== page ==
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Part V--Decontamination of Ambulances

Part V--Decontamination of Ambulances

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Part V--Decontamination of Ambulances

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  1. Part V--Decontamination of Ambulances A “Just-in-Time” Primer on H1N1 Influenza A and Pandemic Influenza provided by the National Association of State EMS Officials Revised June 12, 2009

  2. Table of Contents Part I--Understanding Influenza and the Current Influenza Pandemic Part II--Understanding the Terminology Part III—Understanding H1N1 Influenza A Part IV—Personal Protective Equipment (PPE) for EMS Part V--Decontamination of Ambulances Part VI—Influenza and EMTALA Part VII– Planning Considerations National Association of State EMS Officials

  3. Disclaimer This self-learning module was developed by the National Association of State EMS Officials. The content was collated from various sources and current as of June 12, 2009. Users are strongly encouraged to review situational reports and updates from the Centers for Disease Control and Prevention, the US Department of Health and Human Services, the US Department of Agriculture, the World Health Organization, and similar entities as revised and additional information becomes available. NASEMSO did not review or approve material which may have been added beyond the distributed version which is on our web site at www.nasemso.org . National Association of State EMS Officials

  4. EMS & 9-1-1Critical Components of the National Strategy EMS and 9-1-1 documents are available for download at www.ems.gov National Association of State EMS Officials

  5. Current H1N1 Overview Most people recover from infection without the need for hospitalization or medical care. Overall, national levels of severe illness from influenza A (H1N1) appear similar to levels seen during local seasonal influenza periods, although high levels of disease have occurred in some local areas and institutions. Overall, hospitals and health care systems in most countries have been able to cope with the numbers of people seeking care, although some facilities and systems have been stressed in some localities. National Association of State EMS Officials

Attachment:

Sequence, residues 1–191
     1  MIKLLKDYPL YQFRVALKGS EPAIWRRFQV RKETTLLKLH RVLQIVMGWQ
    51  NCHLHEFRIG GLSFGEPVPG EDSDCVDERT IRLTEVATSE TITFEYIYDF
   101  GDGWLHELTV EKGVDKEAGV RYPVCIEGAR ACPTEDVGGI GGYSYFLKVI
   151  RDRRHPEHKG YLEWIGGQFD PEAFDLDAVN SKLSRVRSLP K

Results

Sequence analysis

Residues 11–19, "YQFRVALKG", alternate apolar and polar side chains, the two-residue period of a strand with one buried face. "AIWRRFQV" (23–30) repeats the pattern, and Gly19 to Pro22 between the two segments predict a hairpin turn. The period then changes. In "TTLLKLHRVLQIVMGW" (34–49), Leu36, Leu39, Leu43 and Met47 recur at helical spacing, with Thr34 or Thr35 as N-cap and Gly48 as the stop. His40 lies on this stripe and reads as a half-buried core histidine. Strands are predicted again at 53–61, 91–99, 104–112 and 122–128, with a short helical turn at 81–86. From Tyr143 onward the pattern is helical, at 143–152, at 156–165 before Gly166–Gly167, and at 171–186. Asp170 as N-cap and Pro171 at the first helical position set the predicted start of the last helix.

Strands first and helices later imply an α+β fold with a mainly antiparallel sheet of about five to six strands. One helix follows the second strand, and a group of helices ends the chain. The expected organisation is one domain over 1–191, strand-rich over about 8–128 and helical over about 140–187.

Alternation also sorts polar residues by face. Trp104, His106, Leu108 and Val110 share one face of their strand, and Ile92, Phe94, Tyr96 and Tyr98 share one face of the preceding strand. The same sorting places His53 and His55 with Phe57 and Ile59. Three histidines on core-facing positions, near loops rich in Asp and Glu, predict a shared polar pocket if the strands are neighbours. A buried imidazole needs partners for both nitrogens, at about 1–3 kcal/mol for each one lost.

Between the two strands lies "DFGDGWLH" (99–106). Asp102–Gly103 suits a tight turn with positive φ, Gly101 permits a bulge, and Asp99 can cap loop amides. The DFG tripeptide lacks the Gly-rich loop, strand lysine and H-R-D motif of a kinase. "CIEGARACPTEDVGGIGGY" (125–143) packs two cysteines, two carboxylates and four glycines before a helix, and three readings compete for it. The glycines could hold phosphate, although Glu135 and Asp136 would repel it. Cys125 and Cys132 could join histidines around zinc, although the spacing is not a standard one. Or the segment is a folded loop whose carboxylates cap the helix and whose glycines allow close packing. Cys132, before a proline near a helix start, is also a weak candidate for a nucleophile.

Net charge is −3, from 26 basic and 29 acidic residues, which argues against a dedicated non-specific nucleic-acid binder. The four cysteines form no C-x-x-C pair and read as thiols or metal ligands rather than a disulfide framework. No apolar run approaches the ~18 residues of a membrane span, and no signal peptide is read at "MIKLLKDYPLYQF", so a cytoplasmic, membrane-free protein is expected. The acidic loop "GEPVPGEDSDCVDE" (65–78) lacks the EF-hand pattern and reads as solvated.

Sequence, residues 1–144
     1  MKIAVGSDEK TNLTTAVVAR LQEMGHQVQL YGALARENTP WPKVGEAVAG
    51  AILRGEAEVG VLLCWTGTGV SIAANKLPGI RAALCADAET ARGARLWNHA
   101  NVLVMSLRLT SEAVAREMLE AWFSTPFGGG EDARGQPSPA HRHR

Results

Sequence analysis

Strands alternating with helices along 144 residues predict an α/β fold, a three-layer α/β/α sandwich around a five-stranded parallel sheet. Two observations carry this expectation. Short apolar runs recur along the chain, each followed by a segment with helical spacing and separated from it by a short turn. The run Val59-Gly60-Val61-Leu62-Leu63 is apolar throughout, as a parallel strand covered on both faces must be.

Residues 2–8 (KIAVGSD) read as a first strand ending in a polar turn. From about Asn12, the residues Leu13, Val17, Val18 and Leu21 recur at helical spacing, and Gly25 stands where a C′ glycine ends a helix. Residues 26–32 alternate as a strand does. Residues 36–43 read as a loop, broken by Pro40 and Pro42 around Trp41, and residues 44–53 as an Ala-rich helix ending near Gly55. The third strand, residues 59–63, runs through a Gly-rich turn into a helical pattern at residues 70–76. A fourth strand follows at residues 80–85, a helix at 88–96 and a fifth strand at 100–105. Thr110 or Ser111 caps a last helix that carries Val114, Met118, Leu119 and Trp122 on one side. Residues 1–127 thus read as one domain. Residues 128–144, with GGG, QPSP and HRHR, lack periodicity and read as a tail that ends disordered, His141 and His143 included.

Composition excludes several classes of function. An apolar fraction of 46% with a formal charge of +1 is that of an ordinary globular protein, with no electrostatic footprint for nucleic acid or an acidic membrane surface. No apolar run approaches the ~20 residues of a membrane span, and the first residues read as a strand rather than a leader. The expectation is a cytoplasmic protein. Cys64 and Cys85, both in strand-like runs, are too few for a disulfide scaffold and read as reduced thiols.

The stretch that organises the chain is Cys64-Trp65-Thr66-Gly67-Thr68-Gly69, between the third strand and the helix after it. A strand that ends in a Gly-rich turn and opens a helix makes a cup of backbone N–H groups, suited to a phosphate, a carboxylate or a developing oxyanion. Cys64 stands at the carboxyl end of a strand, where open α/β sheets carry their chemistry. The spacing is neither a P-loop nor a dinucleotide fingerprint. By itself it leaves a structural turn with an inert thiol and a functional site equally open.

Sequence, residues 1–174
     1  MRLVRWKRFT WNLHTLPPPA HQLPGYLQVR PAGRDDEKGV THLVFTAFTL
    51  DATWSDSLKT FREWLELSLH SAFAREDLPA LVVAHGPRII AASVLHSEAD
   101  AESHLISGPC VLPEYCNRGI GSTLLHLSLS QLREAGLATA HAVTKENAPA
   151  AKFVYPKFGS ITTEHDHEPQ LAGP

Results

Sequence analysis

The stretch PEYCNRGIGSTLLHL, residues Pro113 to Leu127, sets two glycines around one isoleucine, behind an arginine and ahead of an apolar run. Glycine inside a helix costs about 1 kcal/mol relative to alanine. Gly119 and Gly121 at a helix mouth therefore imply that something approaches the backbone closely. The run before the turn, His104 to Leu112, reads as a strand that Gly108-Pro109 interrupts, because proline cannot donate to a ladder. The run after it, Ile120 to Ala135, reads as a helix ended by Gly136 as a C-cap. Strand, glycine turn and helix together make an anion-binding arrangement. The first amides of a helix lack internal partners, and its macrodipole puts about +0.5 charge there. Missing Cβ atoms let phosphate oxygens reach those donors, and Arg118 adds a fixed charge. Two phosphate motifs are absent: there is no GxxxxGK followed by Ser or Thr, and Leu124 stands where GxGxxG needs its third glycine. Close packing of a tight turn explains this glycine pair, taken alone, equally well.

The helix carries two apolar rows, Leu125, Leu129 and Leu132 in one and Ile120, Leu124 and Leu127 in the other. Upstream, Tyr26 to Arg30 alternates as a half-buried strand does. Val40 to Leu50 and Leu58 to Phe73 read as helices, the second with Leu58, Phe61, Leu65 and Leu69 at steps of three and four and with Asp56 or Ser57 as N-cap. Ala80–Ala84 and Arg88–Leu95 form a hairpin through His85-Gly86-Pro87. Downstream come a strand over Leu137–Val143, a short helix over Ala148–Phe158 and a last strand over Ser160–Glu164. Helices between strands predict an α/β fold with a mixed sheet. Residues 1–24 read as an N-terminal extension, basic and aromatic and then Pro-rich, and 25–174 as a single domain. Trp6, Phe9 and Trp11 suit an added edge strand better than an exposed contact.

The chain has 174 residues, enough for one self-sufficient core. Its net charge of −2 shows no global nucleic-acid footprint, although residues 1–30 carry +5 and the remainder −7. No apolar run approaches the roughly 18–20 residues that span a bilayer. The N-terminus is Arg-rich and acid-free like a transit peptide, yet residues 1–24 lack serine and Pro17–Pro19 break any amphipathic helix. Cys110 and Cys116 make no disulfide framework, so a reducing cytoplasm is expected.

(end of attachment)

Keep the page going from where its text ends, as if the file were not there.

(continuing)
6. Part V Decontamination of ambulances National Association of State EMS Officials

  7. Decontamination Routine cleaning with soap or detergent and water to remove soil and organic matter, followed by the proper use of disinfectants, are the basic components of effective environmental management of influenza. National Association of State EMS Officials

  8. Decontamination After the patient has been removed and prior to cleaning, the air within the vehicle may be exhausted by opening the doors and windows of the vehicle while the ventilation system is running. This should be done outdoors and away from pedestrian traffic. National Association of State EMS Officials

  9. Decontamination Some reusable equipment may need to be covered with disposable plastic covers to protect it from contamination if it cannot be decontaminated with disinfectants without the chance of damage to the equipment (per the manufacturers' recommendations). National Association of State EMS Officials

  10. Decontamination Frequently touched surfaces in patient-care compartments that become directly contaminated with respiratory secretions and other bodily fluids during patient care, or indirectly by touching the surfaces with gloved hands, should be cleaned first with detergent and water and then disinfected using an EPA-registered hospital disinfectant in accordance with the manufacturer’s instructions. National Association of State EMS Officials

  11. Decontamination Ensure that the surface is kept wet with the disinfectant for the full contact time specified by the manufacturer. Adhere to any safety precautions or other recommendations as directed (e.g., allowing adequate ventilation in confined areas, and proper disposal of unused product or used containers). National Association of State EMS Officials

  12. Decontamination Non-porous surfaces in patient-care compartments that are not frequently touched can be cleaned with detergent and water. Avoid large-surface cleaning methods that produce mists or aerosols or disperse dust in patient-care areas (e.g., use wet dusting techniques, wipe application of cleaning and/or disinfectant solutions). National Association of State EMS Officials

  13. Decontamination Clean any small spills of bodily fluids (e.g., vomit from an ill patient) by cleaning first with detergent and water followed by disinfection using an EPA-registered hospital disinfectant from EPA List D or E in accordance with the manufacturer’s use instructions and safety precautions. National Association of State EMS Officials

  14. For More Information… http://www.pandemicflu.gov/plan/healthcare/cleaning_ems.html http://www.cdc.gov/ncidod/dhqp/gl_environinfection.html National Association of State EMS Officials

  15. 201 Park Washington Court Falls Church, VA 22046 Phone: 703.538.1799 Email: info@nasemso.org National Association of State EMS Officials